While the online archives of paving stones provided a basis for adding information to the concrete strikes, as if each walk was a way of finding concreteness in an urban archeology of an old urbanized space, the names seemed more and more absurdly to acquire import as epitaphs at a time when we were all gripped by uncertainty about futures in more alarming ways. I admired the dedication of the San Antonio history teacher who planned a course on local cemeteries’ graves at Palo Alto College that took new wings during COVID-19, as cleaning graves’ headstones led to an ongoing justice project of unearthing lives, now readable at @sanfernando2stories, letting those born in the 1890s and early 1900s speak in a moment of uncertainty, from volunteer soldiers in the Philippine-American War or families of immigrants arrived in the Texas Revolution, or those dead from TB, as a true project of social justice. As Joyce Burnstein’s Epitaph Project, an ongoing dialogue with the epitaphs of the dead to engage selfhood, impermanence, and the writing of collective memory from transient materials, the paving stones seemed a collective meditation on impermanence and permanence in the city. As my brother has reacted to COVID-19 by longer walks in Brooklyn’s Green-Wood Cemetery, strolling among memorials for distance, the opportunities for walking in Oakland’s Mountain View Cemetery, off-limits to the public from March, 2020, save for funerals, raised questions about access to the monumental landscaping that was designed by Frederick Law Olmstead as a site for memory’s repository: an early addition to the garden cemetery movement in the United States, like Green-Wood, as sites of public prominence for national reflection. Walt Whitman, then a journalist, so taken with the opening of Green-Wood as a site for reflective thoughts shortly as it was being laid out as a space of commemoration that he brought groups of schoolchildren to the site he deemed “pleasing yet melancholy,” as if to commune with mortality in an early case of the flâneurie, and probably took it upon himself to write a set of articles advocating strolls among graves in “that Beautiful Place of Graves” as a space for “room to the thoughts that would naturally arise there,” in contact with democratic ideals and to affirm a sense of his own vitality, “the passing of blood an air through my lungs,” and to his heart, as a site for affirming his own vitality. Whitman often visited Greenwood Cemetery from the time the plots for graves were first laid and memorials to public figures of state rose, visiting its space after work, with regularity; the cemetery was a site about which he had often written as a newspaperman, that may have afforded an alternate vision of the unity of the nation. Whitman came up when I talked with my brother about Green-Wood walks a bit, but the names pressed on the concrete sidewalks, if far less sublime, offered a similar space for reflection while sheltering in place.
Concrete was a promising new way of designing public space, as much as a new basis for the public utilities system in Oakland. When the prospect of Greenwood cemetery was presented as an elegant prospect of three hundred and fifty acres by 1852, by the immigrant artist John Bachman revealed as a panorama filed with monuments, Whitman had long praised the site that was “expected to be ready for interments in the course of a few months,” as a model of the new Garden Cemtery movement, a “second ‘Mount Auburn'” whose “consecrated ground . . . led [visitors] into a train of reflections, at once pleasing, yet melancholy.” Long before peopled with neoclassical monuments as a patriotic space of inclusion, the site’s meanders led one on a pastoral site for reflection removed from the scars of enslavement that had disfigured the country and nation as a whole. If the view of the cemetery was one of several of New York’s public space, he designed in elevated perspective, as the views of Paris and Swiss cities he had designed from 1849, it celebrated the city’s evolving form as a built landscape as a new pastoralism in ways that Whitman must have knew would be available to readers, which he had celebrated as an opportunity readily available for all that he lauded as a site of “one of the finest prospects in the vicinity of New York” from which could “be distinctly seen Brooklyn, the bay and harbor of New York, Staten Island, and the Quarantine,” in 1839, for the Universalist Union, offering “profound calm” removed from the urban grid, as the 1852 composite panorama “Greenwood Cemetery, Near New York” reveals.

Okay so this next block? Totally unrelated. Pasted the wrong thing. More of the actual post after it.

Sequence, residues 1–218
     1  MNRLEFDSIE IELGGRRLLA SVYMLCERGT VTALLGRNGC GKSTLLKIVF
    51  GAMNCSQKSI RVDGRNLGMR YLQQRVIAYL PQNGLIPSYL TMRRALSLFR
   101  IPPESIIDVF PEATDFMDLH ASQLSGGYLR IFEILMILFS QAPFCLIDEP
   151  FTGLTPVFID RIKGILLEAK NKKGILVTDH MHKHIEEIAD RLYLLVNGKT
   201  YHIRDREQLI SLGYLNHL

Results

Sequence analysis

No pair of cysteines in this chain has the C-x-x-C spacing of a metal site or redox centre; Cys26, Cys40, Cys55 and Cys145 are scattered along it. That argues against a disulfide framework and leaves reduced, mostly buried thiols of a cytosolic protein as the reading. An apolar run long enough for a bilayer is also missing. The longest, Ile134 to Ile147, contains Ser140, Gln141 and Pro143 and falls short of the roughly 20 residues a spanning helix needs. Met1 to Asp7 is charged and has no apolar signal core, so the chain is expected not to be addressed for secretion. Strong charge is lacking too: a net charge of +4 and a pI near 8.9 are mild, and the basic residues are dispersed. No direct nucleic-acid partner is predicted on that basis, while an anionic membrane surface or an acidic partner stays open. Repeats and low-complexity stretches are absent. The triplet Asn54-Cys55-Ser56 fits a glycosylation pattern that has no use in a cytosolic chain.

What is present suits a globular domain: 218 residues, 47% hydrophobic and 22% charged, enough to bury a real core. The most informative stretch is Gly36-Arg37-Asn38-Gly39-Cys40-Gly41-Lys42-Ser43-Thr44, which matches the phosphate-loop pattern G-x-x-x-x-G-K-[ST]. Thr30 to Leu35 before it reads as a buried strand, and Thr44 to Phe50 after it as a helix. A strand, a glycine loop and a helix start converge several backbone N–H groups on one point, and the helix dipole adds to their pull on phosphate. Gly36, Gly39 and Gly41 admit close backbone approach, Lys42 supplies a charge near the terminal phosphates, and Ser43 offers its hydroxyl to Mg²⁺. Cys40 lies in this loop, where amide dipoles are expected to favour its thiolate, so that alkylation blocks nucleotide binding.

My energy wasn’t nearly as sustained, and my search for a panoramic remove not so successful. In an era of isolation and far less crowded streets, the names set in the pavement assumed a simple eloquence of past lives.
Luigi Villata had arrived from Piedmont to join his brother Angelo in the pavement trade, laying sidewalks in much of North Oakland in the early 1950s, but G. Musso had lain pavement from the 1920s in Oakland, but did his name gain any added significance after Mussolini had gained authority in the Italian state since 1922? Mussolini openly proclaimed America destined to decline due to the lower birth rate of whites vis a vis blacks, but natalist beliefs were not viewed as un-American, but rather of a piece with segregation enshrined in the Claremont neighborhood when racial covenants restricted ownership of homes to those of “pure caucasian blood; Musso, an established Oakland contractor who often laid polychrome concrete, displayed his pavement stamp as B. Mussolini insisted on the purity of race and Italy’s spazio vitale, as he set sights on an “impero Italiano” in Africa, when home ownership was predominantly restricted in much of Oakland and Berkeley to exclude any “person of any race other than the Caucasian or white race.” Confronting such offensive racial covenants prove traumatic in the Bay Area–and taxing, as the legacy is perpetuated by hard to fill out necessary paperwork at the office of the County Clerk, and if deemed unenforceable in 1948, their legality was not contested until the Civil Rights Act. As renaming spread across the Bay Area, questioning public memorialization with hopes to the purification of public memory, Musso’s signature jumped out-predating Mussolini’s first racial laws to segregate residences of whites and Africans in the “Africa italiana” as he built the first forts in Ethiopian land by 1930 that renewed claims to empire by 1936–eliminating the last independent African country and eventually erasing African independence from the map.
What hidden spatialities of identity were present in the pavers that seemed dated August, 1931? The state geographical institute had enshrined Ethiopia as Abyssinia–enlarging the “spazio vitale” of Italy’s third empire, of course, even if that meant denying the independence of the only independent nation in African continent.
It seems more than necessary to remember the map of the sole remaining independent African nation that this new remapping wiped off the map of the continent and all but erased for a bloody century of war.
1. As our world was fracturing on multiple divides, the textured plaques of immigrants who paved concrete in the early twentieth century offered a textured pedagogy of immediacy, making present on less traveled pathways how the old city grid in almost redemptive ways. The excavation of that grid was a way of orienting myself to the past inhabitants of the region oddly comforting, and not only as a way to explore the nucleus of the urban sprawl.